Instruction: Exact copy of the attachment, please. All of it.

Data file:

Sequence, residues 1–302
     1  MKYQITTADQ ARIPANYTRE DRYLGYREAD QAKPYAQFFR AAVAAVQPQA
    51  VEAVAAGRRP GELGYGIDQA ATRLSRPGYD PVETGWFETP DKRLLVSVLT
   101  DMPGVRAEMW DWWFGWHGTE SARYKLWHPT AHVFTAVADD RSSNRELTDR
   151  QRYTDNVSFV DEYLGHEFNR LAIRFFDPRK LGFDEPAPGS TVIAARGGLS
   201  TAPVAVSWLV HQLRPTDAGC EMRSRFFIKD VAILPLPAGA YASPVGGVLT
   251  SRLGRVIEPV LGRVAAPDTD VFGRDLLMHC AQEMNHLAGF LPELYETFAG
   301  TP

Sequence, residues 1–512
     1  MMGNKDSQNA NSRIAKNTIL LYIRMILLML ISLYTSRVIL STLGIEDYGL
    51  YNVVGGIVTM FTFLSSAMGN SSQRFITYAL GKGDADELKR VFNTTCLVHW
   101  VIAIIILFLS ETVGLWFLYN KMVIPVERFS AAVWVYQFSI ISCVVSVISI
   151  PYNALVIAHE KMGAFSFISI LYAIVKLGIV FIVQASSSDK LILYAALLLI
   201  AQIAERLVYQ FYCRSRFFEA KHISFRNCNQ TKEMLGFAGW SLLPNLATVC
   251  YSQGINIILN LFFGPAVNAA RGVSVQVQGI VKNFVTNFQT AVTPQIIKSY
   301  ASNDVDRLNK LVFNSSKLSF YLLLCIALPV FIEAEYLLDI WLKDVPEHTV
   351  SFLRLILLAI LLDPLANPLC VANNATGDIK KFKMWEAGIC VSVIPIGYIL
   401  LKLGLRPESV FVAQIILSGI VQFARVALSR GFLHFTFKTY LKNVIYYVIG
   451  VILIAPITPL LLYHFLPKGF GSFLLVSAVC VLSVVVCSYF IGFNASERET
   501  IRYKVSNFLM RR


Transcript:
Sequence, residues 1–302
     1  MKYQITTADQ ARIPANYTRE DRYLGYREAD QAKPYAQFFR AAVAAVQPQA
    51  VEAVAAGRRP GELGYGIDQA ATRLSRPGYD PVETGWFETP DKRLLVSVLT
   101  DMPGVRAEMW DWWFGWHGTE SARYKLWHPT AHVFTAVADD RSSNRELTDR
   151  QRYTDNVSFV DEYLGHEFNR LAIRFFDPRK LGFDEPAPGS TVIAARGGLS
   201  TAPVAVSWLV HQLRPTDAGC EMRSRFFIKD VAILPLPAGA YASPVGGVLT
   251  SRLGRVIEPV LGRVAAPDTD VFGRDLLMHC AQEMNHLAGF LPELYETFAG
   301  TP

Sequence, residues 1–512
     1  MMGNKDSQNA NSRIAKNTIL LYIRMILLML ISLYTSRVIL STLGIEDYGL
    51  YNVVGGIVTM FTFLSSAMGN SSQRFITYAL GKGDADELKR VFNTTCLVHW
   101  VIAIIILFLS ETVGLWFLYN KMVIPVERFS AAVWVYQFSI ISCVVSVISI
   151  PYNALVIAHE KMGAFSFISI LYAIVKLGIV FIVQASSSDK LILYAALLLI
   201  AQIAERLVYQ FYCRSRFFEA KHISFRNCNQ TKEMLGFAGW SLLPNLATVC
   251  YSQGINIILN LFFGPAVNAA RGVSVQVQGI VKNFVTNFQT AVTPQIIKSY
   301  ASNDVDRLNK LVFNSSKLSF YLLLCIALPV FIEAEYLLDI WLKDVPEHTV
   351  SFLRLILLAI LLDPLANPLC VANNATGDIK KFKMWEAGIC VSVIPIGYIL
   401  LKLGLRPESV FVAQIILSGI VQFARVALSR GFLHFTFKTY LKNVIYYVIG
   451  VILIAPITPL LLYHFLPKGF GSFLLVSAVC VLSVVVCSYF IGFNASERET
   501  IRYKVSNFLM RR